To President Robert Brown:
I read with great dismay an article in The Daily Free Press regarding the radio tower on your campus (‘Sign of the times,’ Nov. 24, p.1). The removal of the tower is one thing, but the ignorance of your faculty and students is another.
Radio broadcasting is not obsolete. It is a $20 billion a year industry in the U.S. It is also listened to by 99.5 percent of the U.S. population each week. There are more FCC licensed radio stations now than ever before. We have a wonderful public radio service in the United States called NPR that uses, as described by your Dean Tom Fielder, ‘old technology.’
As for the tower being antiquated, ‘vertical real-estate’ values are at an all time high. If Professor Anne Donohue wants to be ‘progressive,’ use the tower to distribute Wi-Fi, Wi-Max and other new Internet technologies. Cell phone companies will also pay you a small fortune in rent for tower space.
Regarding the comments that it is an eyesore, the same was thought of the Eiffel Tower in Paris, and it was nearly demolished. Many radio towers, such as Mt. Sutro in San Francisco, have become architectural landmarks. Many great works of art and engineering are considered eyesores by some.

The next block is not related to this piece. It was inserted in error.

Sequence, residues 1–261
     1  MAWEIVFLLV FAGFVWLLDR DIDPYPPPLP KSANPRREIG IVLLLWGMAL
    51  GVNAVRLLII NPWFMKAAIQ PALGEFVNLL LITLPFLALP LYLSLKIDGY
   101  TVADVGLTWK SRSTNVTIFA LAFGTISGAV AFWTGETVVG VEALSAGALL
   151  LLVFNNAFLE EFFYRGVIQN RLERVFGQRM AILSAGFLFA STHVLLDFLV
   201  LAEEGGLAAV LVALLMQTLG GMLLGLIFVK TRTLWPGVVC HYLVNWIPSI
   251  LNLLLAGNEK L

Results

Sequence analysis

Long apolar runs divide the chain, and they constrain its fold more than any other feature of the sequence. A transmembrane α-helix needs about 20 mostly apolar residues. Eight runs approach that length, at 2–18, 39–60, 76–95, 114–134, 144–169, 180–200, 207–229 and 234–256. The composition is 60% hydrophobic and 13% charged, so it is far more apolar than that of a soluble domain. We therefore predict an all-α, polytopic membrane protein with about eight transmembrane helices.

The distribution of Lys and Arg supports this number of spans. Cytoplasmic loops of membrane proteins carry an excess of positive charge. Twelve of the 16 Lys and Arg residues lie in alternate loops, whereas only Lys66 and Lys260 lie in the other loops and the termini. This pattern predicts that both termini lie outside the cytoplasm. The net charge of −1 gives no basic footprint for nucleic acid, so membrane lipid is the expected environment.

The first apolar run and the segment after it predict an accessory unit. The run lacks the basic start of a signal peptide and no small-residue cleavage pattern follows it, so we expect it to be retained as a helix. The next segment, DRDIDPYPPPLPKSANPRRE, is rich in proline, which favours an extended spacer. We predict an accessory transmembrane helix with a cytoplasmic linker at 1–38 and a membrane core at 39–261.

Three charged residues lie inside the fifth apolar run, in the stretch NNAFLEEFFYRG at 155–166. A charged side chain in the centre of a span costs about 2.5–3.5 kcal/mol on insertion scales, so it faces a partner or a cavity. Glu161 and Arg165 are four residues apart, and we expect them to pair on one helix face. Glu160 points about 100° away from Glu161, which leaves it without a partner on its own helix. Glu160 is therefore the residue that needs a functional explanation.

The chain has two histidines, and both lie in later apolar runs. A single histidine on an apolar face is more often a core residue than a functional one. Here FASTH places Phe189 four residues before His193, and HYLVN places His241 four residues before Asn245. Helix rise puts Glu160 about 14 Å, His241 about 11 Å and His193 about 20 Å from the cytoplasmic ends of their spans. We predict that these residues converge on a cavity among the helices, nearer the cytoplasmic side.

Regarding Dean Fielder’s feeling that radio speaks for ‘old technology,’ yes, radio waves are old technology. Electromagnetic fields ‘-‘- radio waves ‘-‘- are one of the four forces in nature and have existed since time began and before matter was formed. The mathematical equations that describe radio waves, Maxwell’s Equations, are the foundation of electrical engineering and one-fourth of the world’s economy. The work of Maxwell inspired Einstein to do his work on relativity.
Instead of tearing down this tower, you should be dedicating it as a monument to science and culture. You should place a plaque below the tower describing the scientific, historical, cultural and sociological importance of radio waves in our world. Perhaps your students might be inspired each time they saw it, and unlike Dean Fielder, more informed of our scientific world.
Salt Lake City, Utah